cial agency was already well organized by the end of the 1940s. Through the strong presence of this agency, wildlife management was centralized early on, even in northern Ontario, which is occupied predominantly by aboriginal groups. By contrast, in Quebec, the government management agency was only weakly present in the north, even as late as the 1970s. Perhaps as a result, local institutions for wildlife management were strongly present in the Cree areas of northern Quebec as late as the 1980s and effectively managed wildlife (Drolet et al., 1987). By contrast, in the Cree areas of northern Ontario, such institutions were almost nonexistent, presumably because they had been swept away by centralization (Berkes et al., 1991).

The replacement of local institutions by centralized ones often involves a change in the way knowledge is used for management. Local institutions tend to use their own folk knowledge, often referred to as local knowledge, indigenous knowledge, or traditional ecological knowledge, whereas centralized management agencies tend to use internationally accepted scientific practice and often assume away local knowledge and practice (Berkes, 1999; Williams and Baines, 1993). The shift of knowledge systems is one of the major impacts of government-level institutions on local institutions because it is often accompanied by a change in control over a resource. The differences between the two systems of knowledge can be substantial in the way resources are viewed.

A case in point is caribou management in the Canadian North (Berkes, 1999). A number of studies indicate that aboriginal hunters from the Arctic and the Subarctic monitor caribou distributions, migration patterns and their change, predator presence, individual behavior, sex and age composition of the herd, and fat deposits in animals. The Western science of caribou management also monitors much the same things, but there is a fundamental difference: decision making in scientific management is based primarily on population models. The aboriginal system, by contrast, is based on local observations and ethics, assumes that caribou are not predictable or controllable, and does not try to use harvest or population size estimates. Rather, it pays relatively high attention to fat content (an excellent integrative indicator of caribou health) and uses a qualitative mental model that provides hunters with an indication of trends over time.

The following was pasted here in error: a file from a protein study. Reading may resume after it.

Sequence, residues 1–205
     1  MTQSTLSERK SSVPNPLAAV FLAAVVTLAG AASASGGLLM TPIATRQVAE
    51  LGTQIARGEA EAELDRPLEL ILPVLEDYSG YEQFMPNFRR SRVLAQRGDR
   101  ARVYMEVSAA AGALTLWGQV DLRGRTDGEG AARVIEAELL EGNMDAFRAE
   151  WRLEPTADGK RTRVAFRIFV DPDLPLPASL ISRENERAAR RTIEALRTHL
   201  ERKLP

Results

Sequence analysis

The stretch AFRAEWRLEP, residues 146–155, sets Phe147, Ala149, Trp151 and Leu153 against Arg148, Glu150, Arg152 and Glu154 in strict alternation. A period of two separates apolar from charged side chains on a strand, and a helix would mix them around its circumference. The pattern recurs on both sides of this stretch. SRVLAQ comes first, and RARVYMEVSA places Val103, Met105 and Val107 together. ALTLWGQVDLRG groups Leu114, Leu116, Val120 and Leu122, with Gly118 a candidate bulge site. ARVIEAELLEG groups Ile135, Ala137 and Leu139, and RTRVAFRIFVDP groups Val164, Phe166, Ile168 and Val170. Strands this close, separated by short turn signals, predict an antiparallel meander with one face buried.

This qualitative model reveals the direction (increasing or decreasing) in which the population is headed, without requiring the estimation of the population size itself (Berkes, 1999). This locally developed, aboriginal approach to management has potential to result in good resource management, but it is different from scientific management. Centralization of management leads to a shift in the knowledge system used. Government management of resources, based on universal science rather than on locally developed knowledge, undermines the knowledge systems, as well as the institutions, of northern aboriginal groups. Hence, the centralization of resource management and the assertion of “government’s science” becomes a political tool for the control of the local indigenous populations (Freeman, 1989).



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